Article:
Dr. Arpad Soelter is an enthusiastic man, especially when it comes to the subject of German film. The head of the Goethe Institute in Australia spoke to Broadsheet about the upcoming Audi Festival of German Films and the recent boom in contemporary German language cinema.

Hayley Inch: What is the role of the Goethe Institute in presenting the Audi Festival of German Films?
Arpad Soelter: Well, the Goethe Institute really orchestrates the whole lot – we are pushing the elephant up the hill! Of course, we do this with the help of our proud family of supporters and sponsors. Our festival is the largest festival of German films outside Germany and this year we’re accommodating eight cities for the first time.

HI: What struck me about the films in this year’s festival program is the sheer variety in terms of genre. It seems that the German film industry is experiencing a great burst of creativity at the moment. Would you agree?
AS: Yes indeed! There were 2300 feature films produced in Germany in 2012 – the sheer number is quite amazing. And, of course, with the recent blockbuster Cloud Atlas, which was a German production with a budget of €100 million, it has created a new ceiling for German filmmaking.

It is comedies that have become big commercial successes in Germany of late, and we have brought some of the biggest to this year’s festival, like Turkish For Beginners, which was a huge success in Germany. Of course, with German humour you’re never quite sure whether it will translate elsewhere – sometimes it doesn’t! It’ll be interesting to see what Australians think of them.

HI: The festival has quite a few special guests attending screenings this year. Could you elucidate further as to who these guests are?
AS: We have six guests coming altogether. Firstly there’s Georg Maas, director of our opening night film Two Lives. He is huge in Germany, has collaborated with a number of stars there, but is not as well known in Australia. I felt this was the perfect chance to give light to his name. Two Lives stars Liv Ullman, the great Scandinavian actress, and it is a very intense thriller in The Life of Others tradition. Then there’s first time filmmaker Marten Persiel, he’ll be here with his documentary This Ain’t California, which is about skateboarding culture in the former East Germany. How the socialist policy makers there reacted to the skating scene as some kind of capitalist revolution, it makes you wonder!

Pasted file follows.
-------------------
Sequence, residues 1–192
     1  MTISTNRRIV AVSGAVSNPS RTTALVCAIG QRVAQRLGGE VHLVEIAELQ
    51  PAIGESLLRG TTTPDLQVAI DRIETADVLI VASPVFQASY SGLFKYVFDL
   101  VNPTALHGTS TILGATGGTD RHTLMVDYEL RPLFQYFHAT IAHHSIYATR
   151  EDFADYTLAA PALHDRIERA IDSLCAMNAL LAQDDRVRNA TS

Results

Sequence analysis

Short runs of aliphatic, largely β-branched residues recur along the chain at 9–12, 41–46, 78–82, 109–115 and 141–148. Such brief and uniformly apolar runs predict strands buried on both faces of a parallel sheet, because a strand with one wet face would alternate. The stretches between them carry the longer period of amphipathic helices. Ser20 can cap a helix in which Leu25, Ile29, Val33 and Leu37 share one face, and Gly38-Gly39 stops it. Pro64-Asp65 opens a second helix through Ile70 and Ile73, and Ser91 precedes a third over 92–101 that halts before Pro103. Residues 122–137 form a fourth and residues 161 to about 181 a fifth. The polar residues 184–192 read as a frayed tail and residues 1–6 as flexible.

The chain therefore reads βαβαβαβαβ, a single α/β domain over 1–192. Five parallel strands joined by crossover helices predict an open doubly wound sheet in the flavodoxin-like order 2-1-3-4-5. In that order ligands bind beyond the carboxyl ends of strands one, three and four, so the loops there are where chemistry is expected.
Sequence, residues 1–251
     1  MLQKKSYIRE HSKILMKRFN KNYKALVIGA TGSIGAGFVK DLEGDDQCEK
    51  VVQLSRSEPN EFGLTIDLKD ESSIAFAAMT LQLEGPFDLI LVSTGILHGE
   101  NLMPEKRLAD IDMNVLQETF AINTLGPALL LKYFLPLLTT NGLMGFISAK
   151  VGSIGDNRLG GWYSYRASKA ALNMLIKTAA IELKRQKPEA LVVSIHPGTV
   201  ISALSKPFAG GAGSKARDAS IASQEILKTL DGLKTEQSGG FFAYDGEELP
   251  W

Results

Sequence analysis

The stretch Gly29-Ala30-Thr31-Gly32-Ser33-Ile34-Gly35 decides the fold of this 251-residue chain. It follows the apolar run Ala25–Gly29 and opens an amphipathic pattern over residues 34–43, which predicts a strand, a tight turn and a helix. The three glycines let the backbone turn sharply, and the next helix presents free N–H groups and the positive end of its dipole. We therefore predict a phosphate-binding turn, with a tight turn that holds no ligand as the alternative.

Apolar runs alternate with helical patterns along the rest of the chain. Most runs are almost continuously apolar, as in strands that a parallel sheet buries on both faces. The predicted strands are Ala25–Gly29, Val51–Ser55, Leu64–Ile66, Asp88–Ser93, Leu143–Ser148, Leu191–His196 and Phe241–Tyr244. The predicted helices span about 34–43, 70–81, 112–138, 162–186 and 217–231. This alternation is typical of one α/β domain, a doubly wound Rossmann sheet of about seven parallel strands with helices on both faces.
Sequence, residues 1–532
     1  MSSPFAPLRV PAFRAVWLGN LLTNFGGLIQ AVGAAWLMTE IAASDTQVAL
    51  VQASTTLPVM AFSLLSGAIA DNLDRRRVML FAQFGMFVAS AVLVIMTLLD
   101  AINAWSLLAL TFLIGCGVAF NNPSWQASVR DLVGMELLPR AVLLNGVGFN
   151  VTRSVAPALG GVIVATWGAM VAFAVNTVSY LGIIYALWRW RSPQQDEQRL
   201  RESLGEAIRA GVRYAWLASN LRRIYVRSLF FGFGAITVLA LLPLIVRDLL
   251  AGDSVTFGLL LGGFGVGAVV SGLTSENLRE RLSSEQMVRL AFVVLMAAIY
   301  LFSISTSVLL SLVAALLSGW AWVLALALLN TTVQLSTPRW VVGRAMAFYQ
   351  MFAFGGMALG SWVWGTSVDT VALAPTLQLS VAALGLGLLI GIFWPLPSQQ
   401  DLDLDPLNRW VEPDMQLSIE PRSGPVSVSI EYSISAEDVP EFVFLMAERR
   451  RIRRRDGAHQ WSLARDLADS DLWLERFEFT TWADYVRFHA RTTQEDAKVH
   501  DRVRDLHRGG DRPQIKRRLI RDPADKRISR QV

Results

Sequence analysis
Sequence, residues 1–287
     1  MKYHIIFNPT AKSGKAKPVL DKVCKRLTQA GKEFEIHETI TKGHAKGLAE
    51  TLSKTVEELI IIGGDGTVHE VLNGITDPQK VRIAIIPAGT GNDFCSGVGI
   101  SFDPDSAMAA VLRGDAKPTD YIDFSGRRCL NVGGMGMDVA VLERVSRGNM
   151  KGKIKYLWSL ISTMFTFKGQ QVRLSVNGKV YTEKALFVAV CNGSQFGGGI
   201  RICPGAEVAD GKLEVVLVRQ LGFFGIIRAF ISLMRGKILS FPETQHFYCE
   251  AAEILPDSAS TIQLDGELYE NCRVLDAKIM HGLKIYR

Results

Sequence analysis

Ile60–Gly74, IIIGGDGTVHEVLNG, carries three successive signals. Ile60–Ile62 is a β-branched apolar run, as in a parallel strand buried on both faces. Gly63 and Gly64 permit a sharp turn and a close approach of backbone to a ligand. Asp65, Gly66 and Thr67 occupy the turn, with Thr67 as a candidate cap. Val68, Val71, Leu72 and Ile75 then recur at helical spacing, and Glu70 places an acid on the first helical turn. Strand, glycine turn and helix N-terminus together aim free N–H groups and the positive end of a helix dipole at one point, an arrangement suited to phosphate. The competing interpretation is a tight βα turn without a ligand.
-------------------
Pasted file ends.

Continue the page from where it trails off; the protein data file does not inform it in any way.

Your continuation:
Another fascinating documentary is Sound of Heimat, which is about this New Zealand musician [Hayden Chisholm] who became interested in traditional German music. This sort of music has in the past been misused for political purposes, but this young Kiwi takes it upon himself to travel around Germany to see what is being done to revitalise it. The director Jan Tengeler will join us at screenings and there will be much music making!

Oh, I nearly forgot about Philippe Mora! He and his friend, avant-garde Krautrock musician Harald Grosskope, will be here with Philippe’s extraordinary documentary German Sons, which is all about the juxtaposition between Philippe’s family and their Holocaust history, and Harald’s family, who were all paid-up Nazis. It’s very much a film about identity and of friendship overcoming boundaries.

HI: What favourite films in the program would you most particularly recommend for our readers?
AS: The Wall. It stars Martina Gedeck, who is a real star in Germany, and is set in the Alps. A woman becomes trapped in a Robinson Crusoe situation where she becomes separated from the world by an invisible, unpassable wall. It’s an exciting psychological thriller. Then there’s Mercy, which is a religious term, but in this film is removed to a secular setting, examining under what circumstances you can forgive someone for a terrible deed. There’s also Three Lives [the Dreibelin Trilogy], where three talented German directors – Christian Petzold, Dominic Graf and Christoph Hochhäeusler – have made three films centring on the same crime from three different perspectives, with each film reflecting each director’s personal artistic approach.

It’s really a wonderful situation to be in: sitting in a darkened theatre to share a culture with audiences. Although maps change, the stories and narratives stay the same. We can share places you may not go to, places that you might not wish to go to in actuality, but you end up enriched from the experience.

The Audi Festival of German Films runs at Palace Cinemas from April 30 to May 14 in Sydney. To book tickets visit: palacecinemas.com.au